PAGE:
However, I believe that, no matter what you want to call the current downturn (bear phase, sharp correction, etc.), it's been long enough and deep enough that many of those "old" names won't come back. But don't take my word for it--take the market's word.  

That is really the point of this whole discussion. If the stock you're considering is sitting 35% or 40% off its prior peak, it might rally for a bit when the market does. But it's not a leader anymore; a drop that severe, especially coming over many months, clearly tells you that perception has changed. Dead cat bounces can happen, but new, sustained upmoves are far less likely.

All of this is why I often harp on keeping an eye on those stocks that are resisting the market's downward pull. By definition, these are the names that big investors are reluctant to sell ... and hence, have a great shot of delivering profits during the next bull run. And, yes, some of them might be those "old" names--Apple (AAPL), Green Mountain Coffee Roasters (GMCR) and some others are still hanging in there nicely.

But don't fall into the trap that, because a stock was good during 2010 or earlier this year, that it's necessarily going to be good when the market gets going again. More likely is that those obvious, overplayed, over-owned names will lag as some fresher merchandise leads the next upmove.

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One of those pieces of fresh merchandise is Universal Display (PANL), a small firm with a (very) long history of losses and little institutional support. But that's now changing, and it's all because of its leading position in OLEDs (organic light emitting diodes), which are looking more and more like they'll be adopted en masse for smart phones, TVs, tablet computers and more.

So how will this benefit Universal Display?  It owns more than 1,000 patents, and it's aiming to be a licensing company; in fact, it's recently inked deals with Panasonic and Samsung, which sent the stock into orbit. Valuation is truly at nosebleed levels--the firm has no earnings and just $39 million in revenue, but the market cap is $2.3 billion!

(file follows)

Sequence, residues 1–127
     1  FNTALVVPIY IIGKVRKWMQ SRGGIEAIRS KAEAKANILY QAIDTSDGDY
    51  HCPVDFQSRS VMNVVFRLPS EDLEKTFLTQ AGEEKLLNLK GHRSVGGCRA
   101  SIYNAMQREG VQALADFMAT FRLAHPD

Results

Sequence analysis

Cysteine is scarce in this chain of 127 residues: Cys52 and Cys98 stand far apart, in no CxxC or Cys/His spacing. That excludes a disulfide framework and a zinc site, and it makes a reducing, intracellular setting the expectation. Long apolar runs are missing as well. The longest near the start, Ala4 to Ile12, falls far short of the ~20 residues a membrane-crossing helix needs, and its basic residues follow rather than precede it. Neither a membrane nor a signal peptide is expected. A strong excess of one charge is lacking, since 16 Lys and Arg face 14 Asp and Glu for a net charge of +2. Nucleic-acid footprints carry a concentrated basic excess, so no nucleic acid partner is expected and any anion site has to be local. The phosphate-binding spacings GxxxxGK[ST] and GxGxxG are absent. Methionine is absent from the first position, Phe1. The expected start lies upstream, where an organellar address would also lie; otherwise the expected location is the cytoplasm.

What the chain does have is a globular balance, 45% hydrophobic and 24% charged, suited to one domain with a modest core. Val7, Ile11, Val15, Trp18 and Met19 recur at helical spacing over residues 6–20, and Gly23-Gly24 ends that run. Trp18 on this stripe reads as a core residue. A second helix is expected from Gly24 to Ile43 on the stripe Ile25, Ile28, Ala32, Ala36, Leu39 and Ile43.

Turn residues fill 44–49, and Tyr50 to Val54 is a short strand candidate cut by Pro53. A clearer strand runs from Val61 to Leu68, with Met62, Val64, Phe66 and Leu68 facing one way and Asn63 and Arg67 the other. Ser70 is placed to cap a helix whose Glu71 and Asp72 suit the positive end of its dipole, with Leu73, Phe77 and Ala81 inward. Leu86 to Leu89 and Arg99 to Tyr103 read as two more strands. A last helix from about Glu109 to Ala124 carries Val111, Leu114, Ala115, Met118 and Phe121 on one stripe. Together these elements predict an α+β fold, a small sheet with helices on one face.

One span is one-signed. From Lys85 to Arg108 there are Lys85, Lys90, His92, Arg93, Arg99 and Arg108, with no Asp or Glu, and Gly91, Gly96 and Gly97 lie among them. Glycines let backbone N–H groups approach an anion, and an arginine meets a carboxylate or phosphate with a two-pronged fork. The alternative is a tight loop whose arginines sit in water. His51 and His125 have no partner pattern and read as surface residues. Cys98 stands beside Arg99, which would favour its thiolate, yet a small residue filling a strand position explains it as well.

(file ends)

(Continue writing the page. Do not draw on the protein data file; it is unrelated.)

That said, high valuations don't scare me, partially because I focus on the future. Revenues have been growing nicely, and if Universal's licensing business can lift next year and in 2013, profit margins will go through the roof and earnings will explode. Currently, a handful of analysts that have estimates see revenues up 63% this year, but rising another 104% next year. And earnings could go from about breakeven this year to 86 cents per share in 2012.

I won't pretend to know all the ins of outs of these estimates, but my experience is that when a new technology gets adopted by the market, it's usually done so far faster than most expect, causing the bottom line of the firms who benefit to grow at lightening fast rates. I'm not predicting that will definitely happen with Universal Display, but I'm open to the possibility.

I'll look to the stock for clues. Shares did have a big run late last year and earlier this year, but then suffered a harrowing drop of more than 50%. But that's when the action started--a new licensing deal caused the stock to jump a jaw-dropping 85% during the last week of August on weekly volume that was both quadruple the average rate, and more than twice as large as any total in the stock's history.

And since then, PANL has held those gains, actually rallying all the way back to its old peak of 60 before backing off with the market's latest weakness. I would love to see this stock meander in the 45 to 55 range (it's a very volatile name) for a few more weeks, then blastoff with the market.

Right now, a nibble in the upper 40s with a stop around 42 is OK if you're aggressive, but I would rather wait for a proper, tighter set-up. Watch for it.

All the best,

Mike Cintolo
Editor of Cabot Market Letter

Editor's Note: Some investors can make good money in bull markets, and some are good at avoiding damage in bear markets. But to have great returns, you need to do both ... like Mike Cintolo (VP of Investments for Cabot) has done as editor of the Cabot Market Letter. Since he took over at the start of 2007, Cabot Market Letter has outperformed the S&P 500 by 13.8% annually thanks to top-notch stock picking and market timing. To benefit from Mike's advice during these challenging times--and to know when and what to jump on when the bulls re-take control--be sure to give Cabot Market Letter a try today

Michael Cintolo can be found on Google Plus.